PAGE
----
NEW YORK--(ENEWSPF)--October , 2011. Close to 300 bodies lay haphazardly all over the ground. Some were wrapped in taps, others were simply laying on cardboard. The most eerie of these sights was those bodies wrapped in blanket and then in plastic as though they were corpses wrapped for the morgue.
This was the scene that unfolded for the medical night-shift as the early morning sun appeared from between the buildings. One of the medics told us, “It looks like a war zone. There is a point, around five or six am, at which most people are asleep and only closer inspection can find traces of breath in the bodies.”
In the minds of many of these protestors, it is war. For many, this is the beginning of a revolution; a revolution that reclaims the economic and social systems and makes them work for the people.
Burnout is easy here, where daily life is a struggle. As one man, who has experience with homelessness said, “When you go scuba diving, you take a scuba guide, right? When you go homeless, you should take a homeless guide.” Things like rain become epic crises; not only is everything you own suddenly soaked, but so is everything in the camp. A team of people run around collecting wet cardboard and a station is set up for dry socks.
Hanging things in the trees to dry is considered an obstruction of the view, so wet items can either be laid out on top of the wet tarps and hope for sun, or can be laid out on the wet concrete. If it is warm, the items can be worn in hopes that they will air dry.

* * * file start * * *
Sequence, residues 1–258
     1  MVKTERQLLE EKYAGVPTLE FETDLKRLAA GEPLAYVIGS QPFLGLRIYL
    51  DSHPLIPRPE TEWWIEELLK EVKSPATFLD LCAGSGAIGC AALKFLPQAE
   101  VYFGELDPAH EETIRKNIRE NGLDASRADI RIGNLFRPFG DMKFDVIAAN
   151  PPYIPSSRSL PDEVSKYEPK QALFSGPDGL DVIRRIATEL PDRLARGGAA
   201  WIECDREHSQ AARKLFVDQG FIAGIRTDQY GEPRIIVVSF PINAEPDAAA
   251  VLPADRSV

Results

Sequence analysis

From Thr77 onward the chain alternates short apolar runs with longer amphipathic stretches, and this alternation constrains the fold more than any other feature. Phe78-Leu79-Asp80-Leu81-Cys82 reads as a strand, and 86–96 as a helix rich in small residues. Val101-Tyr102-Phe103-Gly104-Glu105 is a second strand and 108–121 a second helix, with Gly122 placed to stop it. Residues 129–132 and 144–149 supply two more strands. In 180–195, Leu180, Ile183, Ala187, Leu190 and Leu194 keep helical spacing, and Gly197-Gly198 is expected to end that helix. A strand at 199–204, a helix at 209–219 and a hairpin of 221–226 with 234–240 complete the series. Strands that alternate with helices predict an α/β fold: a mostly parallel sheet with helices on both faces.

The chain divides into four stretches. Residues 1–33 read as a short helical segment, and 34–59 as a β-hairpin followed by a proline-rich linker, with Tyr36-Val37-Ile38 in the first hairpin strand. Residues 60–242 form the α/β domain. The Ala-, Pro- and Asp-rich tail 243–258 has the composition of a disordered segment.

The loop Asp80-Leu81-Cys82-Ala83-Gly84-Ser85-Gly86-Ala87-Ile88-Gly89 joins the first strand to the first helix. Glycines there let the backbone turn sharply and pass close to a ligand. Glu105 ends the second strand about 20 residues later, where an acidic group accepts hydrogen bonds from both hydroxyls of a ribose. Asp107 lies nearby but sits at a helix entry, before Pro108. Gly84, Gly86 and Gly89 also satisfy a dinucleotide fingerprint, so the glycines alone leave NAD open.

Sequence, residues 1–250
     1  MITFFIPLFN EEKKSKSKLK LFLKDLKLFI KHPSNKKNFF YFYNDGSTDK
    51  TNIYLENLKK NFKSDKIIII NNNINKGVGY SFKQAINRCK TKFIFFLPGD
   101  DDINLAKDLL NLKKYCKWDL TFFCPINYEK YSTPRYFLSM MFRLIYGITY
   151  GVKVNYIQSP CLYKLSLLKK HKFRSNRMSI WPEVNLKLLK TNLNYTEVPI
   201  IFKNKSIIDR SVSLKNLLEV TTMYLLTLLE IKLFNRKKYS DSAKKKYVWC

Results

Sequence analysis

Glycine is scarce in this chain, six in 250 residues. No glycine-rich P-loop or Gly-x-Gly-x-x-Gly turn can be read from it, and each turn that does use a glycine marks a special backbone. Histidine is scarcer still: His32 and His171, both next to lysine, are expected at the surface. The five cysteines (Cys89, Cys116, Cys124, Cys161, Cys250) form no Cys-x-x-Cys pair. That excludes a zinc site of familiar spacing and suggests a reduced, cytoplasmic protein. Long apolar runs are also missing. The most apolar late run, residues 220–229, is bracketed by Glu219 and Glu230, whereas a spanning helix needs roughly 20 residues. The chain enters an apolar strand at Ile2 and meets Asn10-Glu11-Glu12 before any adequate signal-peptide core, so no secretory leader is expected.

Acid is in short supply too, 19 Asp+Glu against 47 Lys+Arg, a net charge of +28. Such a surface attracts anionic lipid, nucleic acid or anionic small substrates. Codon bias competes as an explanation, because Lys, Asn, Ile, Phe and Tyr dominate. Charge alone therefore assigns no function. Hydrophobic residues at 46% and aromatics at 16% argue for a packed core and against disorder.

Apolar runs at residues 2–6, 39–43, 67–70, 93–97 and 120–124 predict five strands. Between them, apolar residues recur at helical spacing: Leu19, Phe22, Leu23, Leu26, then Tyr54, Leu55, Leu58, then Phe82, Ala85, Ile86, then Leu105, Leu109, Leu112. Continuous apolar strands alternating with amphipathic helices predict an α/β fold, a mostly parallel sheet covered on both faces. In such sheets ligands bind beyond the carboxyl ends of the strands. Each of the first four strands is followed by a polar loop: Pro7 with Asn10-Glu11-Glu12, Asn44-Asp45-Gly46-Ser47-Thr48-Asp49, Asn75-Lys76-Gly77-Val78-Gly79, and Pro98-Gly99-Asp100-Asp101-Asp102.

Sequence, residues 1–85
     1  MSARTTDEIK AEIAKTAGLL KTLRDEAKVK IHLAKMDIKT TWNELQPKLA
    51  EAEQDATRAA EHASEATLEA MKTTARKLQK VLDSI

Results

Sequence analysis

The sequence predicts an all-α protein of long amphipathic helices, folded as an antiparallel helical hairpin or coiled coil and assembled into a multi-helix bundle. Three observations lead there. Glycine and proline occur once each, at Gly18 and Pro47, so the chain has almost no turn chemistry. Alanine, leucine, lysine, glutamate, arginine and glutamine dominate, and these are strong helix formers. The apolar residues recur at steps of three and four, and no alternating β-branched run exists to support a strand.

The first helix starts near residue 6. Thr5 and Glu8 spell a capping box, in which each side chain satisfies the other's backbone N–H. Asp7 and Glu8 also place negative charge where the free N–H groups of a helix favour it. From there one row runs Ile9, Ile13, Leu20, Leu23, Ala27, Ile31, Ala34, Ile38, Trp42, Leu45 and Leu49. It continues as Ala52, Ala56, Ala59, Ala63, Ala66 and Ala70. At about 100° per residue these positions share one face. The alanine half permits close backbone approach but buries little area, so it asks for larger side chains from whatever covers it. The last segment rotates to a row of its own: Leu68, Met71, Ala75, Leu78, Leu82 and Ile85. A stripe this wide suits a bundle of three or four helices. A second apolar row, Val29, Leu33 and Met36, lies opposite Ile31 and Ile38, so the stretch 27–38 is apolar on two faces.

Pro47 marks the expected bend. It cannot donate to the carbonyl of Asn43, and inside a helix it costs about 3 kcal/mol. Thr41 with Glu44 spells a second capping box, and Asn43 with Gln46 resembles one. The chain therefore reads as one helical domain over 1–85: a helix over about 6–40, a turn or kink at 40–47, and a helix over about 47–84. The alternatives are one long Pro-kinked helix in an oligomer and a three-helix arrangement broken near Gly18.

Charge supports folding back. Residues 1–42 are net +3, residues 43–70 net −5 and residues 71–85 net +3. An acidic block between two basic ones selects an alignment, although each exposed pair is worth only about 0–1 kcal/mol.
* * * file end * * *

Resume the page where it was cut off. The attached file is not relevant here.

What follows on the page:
Things that have been rain-soaked and then air-dried smell like a mix between bad morning breath, urine, pollution and a little mildew. Sleeping bags and blankets often take the longest to air out and tend to smell the worst. Needless to say, rain is more than the simple inconvenience of changing clothes.
So, when the dark rain cloud rolled in that afternoon, you would have expected people’s spirits to be dampened. Instead, it sent people running around the camp laying tarps and ponchos over all camping areas, giggling together about the swiftness with which the storm arrived.
Vowing that weather was the least of their worries, occupiers donned ponchos and umbrellas, drums, and signs of protest painted onto pizza boxes and took off in the downpour. Hundreds of people poured into the street for the second daily march. Drums roared, feet pounded the wet concrete, and voiced chanted protest slogans like the favorite; “THE PEOPLE, TOGETHER, WILL NEVER BE DEFEATED.”